Decision-making is an essential leadership competency, and yet leaders often agonise over a decision, over-complicating it or seeking the ‘perfect’ solution.
Jeff Stibel*, brain scientist and corporate leader, suggests that, ‘To be frozen by information is perhaps the single biggest risk of knowledge’. In this complex and interconnected world, we may never have all the information.
So how can you support a leader to relax their need for detail and free up cognitive capacity for big-picture thinking?
Try asking them to:
- List the tasks they do regularly. Rank them in order of the need for high to low quality/thoroughness. Record the amount of time they typically spend on these tasks. How could they cut these times in half? (Treat it as a game.)
- Speak to a colleague who makes decisions without the need for detail, and learn how they do it.
- Assume they have all the detail they need already: what decision would they then make?
- Determine the level of quality required in advance, before spending too much time on a task.
- If they feel lost in the detail, zoom out and look for the major patterns or principles. Suggest they ask themselves: what is the purpose of this activity? Then focus on it.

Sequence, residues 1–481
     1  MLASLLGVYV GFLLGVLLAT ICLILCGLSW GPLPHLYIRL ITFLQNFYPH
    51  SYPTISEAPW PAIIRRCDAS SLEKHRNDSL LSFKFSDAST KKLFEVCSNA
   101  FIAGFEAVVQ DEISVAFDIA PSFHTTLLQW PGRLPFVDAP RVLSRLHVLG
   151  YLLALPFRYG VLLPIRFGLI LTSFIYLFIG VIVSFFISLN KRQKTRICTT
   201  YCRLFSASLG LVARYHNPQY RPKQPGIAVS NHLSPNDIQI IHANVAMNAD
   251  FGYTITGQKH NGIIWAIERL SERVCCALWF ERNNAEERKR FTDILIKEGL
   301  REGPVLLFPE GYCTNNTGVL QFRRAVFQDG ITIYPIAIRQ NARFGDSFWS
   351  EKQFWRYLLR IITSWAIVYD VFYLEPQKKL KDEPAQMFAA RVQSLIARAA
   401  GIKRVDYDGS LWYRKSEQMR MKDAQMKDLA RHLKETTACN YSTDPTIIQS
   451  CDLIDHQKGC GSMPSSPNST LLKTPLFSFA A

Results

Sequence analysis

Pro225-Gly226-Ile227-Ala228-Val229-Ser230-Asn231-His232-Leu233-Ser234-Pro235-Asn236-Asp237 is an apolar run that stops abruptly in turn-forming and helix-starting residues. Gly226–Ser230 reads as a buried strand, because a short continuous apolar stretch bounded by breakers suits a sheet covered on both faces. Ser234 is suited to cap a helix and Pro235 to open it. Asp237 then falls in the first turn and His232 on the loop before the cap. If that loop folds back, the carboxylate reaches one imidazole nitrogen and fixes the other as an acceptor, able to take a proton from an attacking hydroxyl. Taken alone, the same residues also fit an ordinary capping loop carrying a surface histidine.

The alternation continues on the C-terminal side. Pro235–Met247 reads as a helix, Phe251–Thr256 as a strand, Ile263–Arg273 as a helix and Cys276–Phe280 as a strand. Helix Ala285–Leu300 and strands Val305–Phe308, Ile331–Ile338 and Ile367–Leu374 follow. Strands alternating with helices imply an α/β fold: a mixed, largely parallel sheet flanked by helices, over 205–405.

- Imagine (and they may not need to imagine!) that their quest for detail was creating a reputation for blocking progress. Use this to inspire faster action.
- Reflect on the negative consequences of continuing to delay making decisions as they seek more information. Act now to mitigate these consequences.
- Consider the upside of taking a risk, and make a decision without the detail they think they need.
- Determine the assumptions they could make that would allow a decision right away. State the assumptions, decide, and move on.
Don’t let decisions (and productivity) be destroyed by over-analysis. Help your leaders let go of an over-reliance on detail, starting today.
Note: This blog is based on my latest book, Developing Direct Reports: Taking the guesswork out of leading leaders. Get the book to learn how to support leaders who suffer from Analysis Paralysis, as well as 11 other leadership derailers.